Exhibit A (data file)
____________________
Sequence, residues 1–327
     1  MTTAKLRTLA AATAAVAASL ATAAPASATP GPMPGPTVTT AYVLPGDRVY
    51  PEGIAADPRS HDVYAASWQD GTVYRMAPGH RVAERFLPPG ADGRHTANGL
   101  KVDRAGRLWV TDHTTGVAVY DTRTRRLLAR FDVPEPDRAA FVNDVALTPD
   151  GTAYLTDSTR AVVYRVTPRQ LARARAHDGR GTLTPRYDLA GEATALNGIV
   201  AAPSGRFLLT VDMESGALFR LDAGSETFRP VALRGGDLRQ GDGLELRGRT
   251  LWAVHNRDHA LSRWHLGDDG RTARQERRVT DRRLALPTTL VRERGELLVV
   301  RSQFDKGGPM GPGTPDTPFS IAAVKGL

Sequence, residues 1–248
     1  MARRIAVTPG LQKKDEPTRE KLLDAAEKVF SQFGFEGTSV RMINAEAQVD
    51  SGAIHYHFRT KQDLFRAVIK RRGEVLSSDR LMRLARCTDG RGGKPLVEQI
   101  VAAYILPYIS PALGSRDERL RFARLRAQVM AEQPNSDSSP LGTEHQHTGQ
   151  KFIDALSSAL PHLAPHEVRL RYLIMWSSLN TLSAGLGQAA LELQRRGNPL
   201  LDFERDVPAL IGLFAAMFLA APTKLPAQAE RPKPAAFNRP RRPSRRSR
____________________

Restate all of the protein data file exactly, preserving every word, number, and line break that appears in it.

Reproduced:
Sequence, residues 1–327
     1  MTTAKLRTLA AATAAVAASL ATAAPASATP GPMPGPTVTT AYVLPGDRVY
    51  PEGIAADPRS HDVYAASWQD GTVYRMAPGH RVAERFLPPG ADGRHTANGL
   101  KVDRAGRLWV TDHTTGVAVY DTRTRRLLAR FDVPEPDRAA FVNDVALTPD
   151  GTAYLTDSTR AVVYRVTPRQ LARARAHDGR GTLTPRYDLA GEATALNGIV
   201  AAPSGRFLLT VDMESGALFR LDAGSETFRP VALRGGDLRQ GDGLELRGRT
   251  LWAVHNRDHA LSRWHLGDDG RTARQERRVT DRRLALPTTL VRERGELLVV
   301  RSQFDKGGPM GPGTPDTPFS IAAVKGL

Sequence, residues 1–248
     1  MARRIAVTPG LQKKDEPTRE KLLDAAEKVF SQFGFEGTSV RMINAEAQVD
    51  SGAIHYHFRT KQDLFRAVIK RRGEVLSSDR LMRLARCTDG RGGKPLVEQI
   101  VAAYILPYIS PALGSRDERL RFARLRAQVM AEQPNSDSSP LGTEHQHTGQ
   151  KFIDALSSAL PHLAPHEVRL RYLIMWSSLN TLSAGLGQAA LELQRRGNPL
   201  LDFERDVPAL IGLFAAMFLA APTKLPAQAE RPKPAAFNRP RRPSRRSR